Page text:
This week we looked in depth at website accessibility and a good understanding is that websites are NOT one size fits all. Many restrictions such as browsers, devices and the individual viewing your page can make or break your pages first impression.
A important aspect to consider in my opinion is your audience. Not only should you remember to consider weather or not they are viewing your page on an i pad, tablet, phone or desktop you must also think about the individuals personal capabilities.
According to Mashable.com, every day inaccessible web design prevents billions of people in the disabled community from an easy online experience. For those with visual impairments, learning difficulties, hearing loss and more, there are dozens of unique challenges waiting behind every URL. Website designers must build a site that adheres to those disabilities. If you consider the commercial perspective, sites are missing out on a huge chunk of the market.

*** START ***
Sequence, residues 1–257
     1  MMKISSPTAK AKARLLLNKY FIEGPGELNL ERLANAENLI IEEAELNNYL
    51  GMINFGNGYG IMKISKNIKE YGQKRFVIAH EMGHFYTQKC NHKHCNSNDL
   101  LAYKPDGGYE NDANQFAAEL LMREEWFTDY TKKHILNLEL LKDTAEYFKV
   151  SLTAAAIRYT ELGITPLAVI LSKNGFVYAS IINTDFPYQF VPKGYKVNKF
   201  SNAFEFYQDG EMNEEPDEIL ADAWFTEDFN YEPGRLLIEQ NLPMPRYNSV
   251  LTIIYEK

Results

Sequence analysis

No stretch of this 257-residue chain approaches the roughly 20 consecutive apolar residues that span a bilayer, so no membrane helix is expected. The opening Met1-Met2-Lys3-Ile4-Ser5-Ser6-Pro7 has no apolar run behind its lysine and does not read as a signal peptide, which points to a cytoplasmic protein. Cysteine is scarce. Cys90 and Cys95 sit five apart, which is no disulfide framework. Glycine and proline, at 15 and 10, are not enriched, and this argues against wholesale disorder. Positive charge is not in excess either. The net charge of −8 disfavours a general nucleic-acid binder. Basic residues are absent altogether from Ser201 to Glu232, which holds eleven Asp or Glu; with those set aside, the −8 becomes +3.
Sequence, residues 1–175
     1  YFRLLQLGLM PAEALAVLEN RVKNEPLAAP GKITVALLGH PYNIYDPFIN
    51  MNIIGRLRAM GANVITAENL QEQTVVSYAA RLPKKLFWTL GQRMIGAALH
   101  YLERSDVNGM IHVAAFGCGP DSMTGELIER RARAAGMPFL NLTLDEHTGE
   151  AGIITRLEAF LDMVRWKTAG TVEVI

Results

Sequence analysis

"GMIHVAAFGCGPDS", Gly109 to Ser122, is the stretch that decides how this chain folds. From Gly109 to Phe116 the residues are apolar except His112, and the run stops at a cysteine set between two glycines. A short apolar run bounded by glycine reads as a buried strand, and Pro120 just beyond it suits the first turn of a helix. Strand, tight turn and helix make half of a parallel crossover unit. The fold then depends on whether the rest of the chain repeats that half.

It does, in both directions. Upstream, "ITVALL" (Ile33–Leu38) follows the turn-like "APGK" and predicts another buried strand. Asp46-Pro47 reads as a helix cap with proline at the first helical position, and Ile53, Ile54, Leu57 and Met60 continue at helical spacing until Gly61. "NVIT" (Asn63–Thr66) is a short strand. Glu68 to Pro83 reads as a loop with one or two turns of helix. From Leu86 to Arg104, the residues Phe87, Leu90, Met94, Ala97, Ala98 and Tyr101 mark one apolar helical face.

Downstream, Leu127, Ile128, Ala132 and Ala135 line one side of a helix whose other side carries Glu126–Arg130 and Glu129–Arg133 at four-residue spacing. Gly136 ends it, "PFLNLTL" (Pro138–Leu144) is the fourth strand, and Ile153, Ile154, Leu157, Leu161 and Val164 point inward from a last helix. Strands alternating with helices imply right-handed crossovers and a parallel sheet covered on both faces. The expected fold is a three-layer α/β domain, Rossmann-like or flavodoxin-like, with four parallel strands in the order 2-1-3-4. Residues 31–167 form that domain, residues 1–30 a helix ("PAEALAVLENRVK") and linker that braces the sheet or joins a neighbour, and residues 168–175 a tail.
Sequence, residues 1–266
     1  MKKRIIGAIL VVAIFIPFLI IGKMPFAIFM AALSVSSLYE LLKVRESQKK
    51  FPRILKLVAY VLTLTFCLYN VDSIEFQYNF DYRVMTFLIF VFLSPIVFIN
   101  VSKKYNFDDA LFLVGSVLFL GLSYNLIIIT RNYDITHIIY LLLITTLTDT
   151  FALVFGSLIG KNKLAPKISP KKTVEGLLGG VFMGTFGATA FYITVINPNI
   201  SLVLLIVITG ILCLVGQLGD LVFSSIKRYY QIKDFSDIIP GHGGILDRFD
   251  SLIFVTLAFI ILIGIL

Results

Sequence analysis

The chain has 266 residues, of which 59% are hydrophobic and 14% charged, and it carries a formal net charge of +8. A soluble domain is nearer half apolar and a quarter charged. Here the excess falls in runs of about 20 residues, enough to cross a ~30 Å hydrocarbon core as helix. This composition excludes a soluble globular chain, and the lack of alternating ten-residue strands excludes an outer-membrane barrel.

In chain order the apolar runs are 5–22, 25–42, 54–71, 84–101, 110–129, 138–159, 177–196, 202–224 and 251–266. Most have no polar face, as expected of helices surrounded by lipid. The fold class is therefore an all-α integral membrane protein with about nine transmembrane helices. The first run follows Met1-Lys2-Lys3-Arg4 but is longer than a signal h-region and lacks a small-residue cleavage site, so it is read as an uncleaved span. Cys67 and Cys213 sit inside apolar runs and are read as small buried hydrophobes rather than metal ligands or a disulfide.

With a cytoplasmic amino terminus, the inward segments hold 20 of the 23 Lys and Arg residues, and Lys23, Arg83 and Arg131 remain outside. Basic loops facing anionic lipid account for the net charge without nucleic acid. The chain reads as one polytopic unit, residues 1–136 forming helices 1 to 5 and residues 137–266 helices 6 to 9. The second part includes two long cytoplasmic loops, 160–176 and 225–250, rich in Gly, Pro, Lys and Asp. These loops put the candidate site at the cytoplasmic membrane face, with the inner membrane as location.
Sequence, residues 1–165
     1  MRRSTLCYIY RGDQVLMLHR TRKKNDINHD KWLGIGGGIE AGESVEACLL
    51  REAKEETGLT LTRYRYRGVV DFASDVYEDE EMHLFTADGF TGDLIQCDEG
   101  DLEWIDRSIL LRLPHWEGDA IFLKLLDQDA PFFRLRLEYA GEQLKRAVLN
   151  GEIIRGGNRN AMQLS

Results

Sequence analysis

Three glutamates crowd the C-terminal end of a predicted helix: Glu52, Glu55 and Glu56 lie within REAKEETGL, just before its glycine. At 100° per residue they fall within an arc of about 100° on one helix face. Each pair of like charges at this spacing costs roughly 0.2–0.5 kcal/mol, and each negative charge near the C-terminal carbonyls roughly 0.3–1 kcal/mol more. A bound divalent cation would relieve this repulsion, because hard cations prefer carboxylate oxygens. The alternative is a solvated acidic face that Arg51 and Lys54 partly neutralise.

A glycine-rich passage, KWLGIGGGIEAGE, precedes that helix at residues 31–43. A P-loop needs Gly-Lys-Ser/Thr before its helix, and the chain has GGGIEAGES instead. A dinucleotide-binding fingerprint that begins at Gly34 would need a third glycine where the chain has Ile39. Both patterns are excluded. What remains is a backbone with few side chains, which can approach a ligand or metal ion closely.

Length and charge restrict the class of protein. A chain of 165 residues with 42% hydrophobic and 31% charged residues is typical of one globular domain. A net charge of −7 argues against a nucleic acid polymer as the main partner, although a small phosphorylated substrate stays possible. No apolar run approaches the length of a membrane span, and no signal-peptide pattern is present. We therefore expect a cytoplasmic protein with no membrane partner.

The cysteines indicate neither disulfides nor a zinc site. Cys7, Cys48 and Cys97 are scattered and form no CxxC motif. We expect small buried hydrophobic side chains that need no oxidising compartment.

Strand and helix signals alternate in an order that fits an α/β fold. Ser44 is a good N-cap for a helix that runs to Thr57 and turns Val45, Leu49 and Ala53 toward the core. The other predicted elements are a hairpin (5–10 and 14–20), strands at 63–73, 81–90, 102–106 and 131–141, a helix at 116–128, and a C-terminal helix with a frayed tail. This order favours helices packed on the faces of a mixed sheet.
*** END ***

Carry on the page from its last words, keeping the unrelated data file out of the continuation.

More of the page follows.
You can also consider not just those with disabilities but those inclining in age. Generational gaps can make or break how a certain individual perceives the point you are laying out. Some tips for covering your bases when it comes to older viewers are:
- Describe your links
When embedding a link it can be helpful to describe it rather than just telling the reader to “click here.”
2. Utilize color control
Smart color choices is helpful for a website with any kind of audience. Stay away from using yellow tints, and blue and green close to one another. Black text on a white background is the best general practice, because it’s readable for most audiences.
3. Keep your copy simple
This tip is helpful for any audience, but very important for elderly audiences or those with learning disabilities. If you’re putting a lot of text onto your website, break it into smaller paragraphs. Use simple, straightforward language.
Consider these steps and you will be on your way to a website that fits every viewer!